and advanced clock management features in Cyclone 10 LP
devices. Various considerations are important to effectively plan the available I/O resources
to maximize utilization and prevent issues related to signal integrity. Good clock management
systems are also crucial to the performance of an FPGA design.
The I/O and clock connections of your FPGA affect the rest of your system and board design,
so it is important to plan these connections early in your design cycle.
Quartus® Prime Pin Planner
to make pin assignments.
Quartus® Prime Fitter messages
and reports for sign-off of pin assignments.
Verify that the
Quartus® Prime pin
assignments match those in the schematic and board layout tools.
Plan interfaces and device periphery using the BluePrint Platform Designer. After
design synthesis, use BluePrint to rapidly define a legal device floorplan. BluePrint
planning involves initialization of BluePrint, reconciliation of project assignments,
placement of periphery elements and clocks, and export of plan constraints to your
Quartus® Prime project.
Quartus® Prime Pin Planner GUI, you can identify I/O
banks, VREF groups, and differential pin pairings to help you through the I/O
planning process. Right-click in the Pin Planner spreadsheet interface and click the
Pin Finder to search for specific pins. If migration devices are
selected, the Pin Migration view highlights pins that change function in the migration device
when compared to the currently selected device.
You have the option of importing a Microsoft Excel spreadsheet into the
Quartus® Prime software to start the I/O planning process if you
normally use a spreadsheet in your design flow. You can also export a spreadsheet compatible
(.csv) file containing your I/O assignments when all pins are
When you compile your design in the
Quartus® Prime software, I/O
Assignment Analysis in the Fitter validates that the assignments meet all the device
requirements and generates messages if there are any problems.
Quartus® Prime designers can then pass the pin location
information to PCB designers. Pin assignments between the
Quartus® Prime software and your schematic and board layout tools must match to ensure
the design works correctly on the board where it is placed, especially if changes to the
pin-out must be made. The Pin Planner is integrated with certain PCB design EDA tools and can
read pin location changes from these tools to check the suggested changes. When you compile
your design, the
Quartus® Prime software generates the
.pin file. You can use this file to verify that each pin is correctly
connected in the board schematics.
Early Pin Planning and I/O Assignment Analysis
Table 41. Early Pin Planning and I/O Assignment Analysis Checklist
Use the Create Top-Level Design File
command with I/O Assignment Analysis to check the I/O assignments before the design is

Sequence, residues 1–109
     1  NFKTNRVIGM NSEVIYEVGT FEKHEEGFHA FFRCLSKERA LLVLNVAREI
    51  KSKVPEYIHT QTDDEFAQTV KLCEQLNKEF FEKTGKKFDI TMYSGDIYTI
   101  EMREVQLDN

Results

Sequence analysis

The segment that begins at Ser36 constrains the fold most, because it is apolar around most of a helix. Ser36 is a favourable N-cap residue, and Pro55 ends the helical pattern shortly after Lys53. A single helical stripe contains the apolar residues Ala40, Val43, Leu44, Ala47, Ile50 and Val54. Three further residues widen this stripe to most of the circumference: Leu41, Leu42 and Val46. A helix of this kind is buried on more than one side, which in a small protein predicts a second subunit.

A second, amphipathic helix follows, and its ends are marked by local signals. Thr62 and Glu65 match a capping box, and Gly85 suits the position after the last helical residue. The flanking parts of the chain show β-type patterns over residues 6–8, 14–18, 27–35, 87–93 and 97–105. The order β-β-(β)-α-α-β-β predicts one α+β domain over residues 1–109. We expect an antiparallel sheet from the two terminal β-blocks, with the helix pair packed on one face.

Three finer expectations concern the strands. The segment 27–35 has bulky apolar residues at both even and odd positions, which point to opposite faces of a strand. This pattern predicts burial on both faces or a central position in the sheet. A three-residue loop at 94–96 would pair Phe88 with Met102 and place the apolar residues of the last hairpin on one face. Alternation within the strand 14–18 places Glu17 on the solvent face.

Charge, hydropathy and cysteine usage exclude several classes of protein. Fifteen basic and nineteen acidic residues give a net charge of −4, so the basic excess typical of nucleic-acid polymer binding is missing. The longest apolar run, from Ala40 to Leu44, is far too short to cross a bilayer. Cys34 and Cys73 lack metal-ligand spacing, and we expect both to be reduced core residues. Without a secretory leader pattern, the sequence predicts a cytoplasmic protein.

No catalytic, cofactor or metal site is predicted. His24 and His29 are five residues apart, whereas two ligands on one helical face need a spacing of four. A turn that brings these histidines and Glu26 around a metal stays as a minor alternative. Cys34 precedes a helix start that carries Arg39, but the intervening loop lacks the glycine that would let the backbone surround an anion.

In many design environments, FPGA designers want to plan top-level FPGA I/O pins early so
that board designers can start developing the PCB design and layout. The FPGA device’s I/O
capabilities and board layout guidelines influence pin locations and other types of
assignments. In cases where the board design team specifies an FPGA pin-out, it is crucial
that you verify pin locations in the FPGA place-and-route software as soon as possible to
avoid board design changes.
Starting FPGA pin planning early improves the confidence in early board layouts, reduces the
chance of error, and improves the design’s overall time to market. You can create a
preliminary pin-out for an Intel FPGA using the
Quartus® Prime Pin Planner before the source code is
Early in the design process, the system architect typically has information about the
standard I/O interfaces (such as memory and bus interfaces), IP cores to be used in the
design, and any other I/O-related assignments defined by system requirements.
The Pin Planner Create/Import IP Core feature interfaces with the IP catalog, and enables you
to create or import custom IP cores that use I/O interfaces. Enter PLL and LVDS blocks,
including options such as dynamic phase alignment (DPA), because options affect the pin
placement rules. When you have entered as much I/O-related information as possible, generate a
top-level design netlist file using the Create Top-Level Design File
command in the Pin Planner. You can use the I/O analysis results to change pin assignments or
IP parameters and repeat the checking process until the I/O interface meets your design
requirements and passes the pin checks in the
When planning is complete, the preliminary pin location information can be passed to PCB
designers. When the design is complete, use the reports and messages generated by the
Quartus® Prime Fitter for the final sign-off of the pin assignments.
I/O Features and Pin Connections
Cyclone 10 LP I/O pins are designed for
ease of use and rapid system integration, while simultaneously providing high bandwidth.
Independent modular I/O banks with a common bank structure for vertical migration lend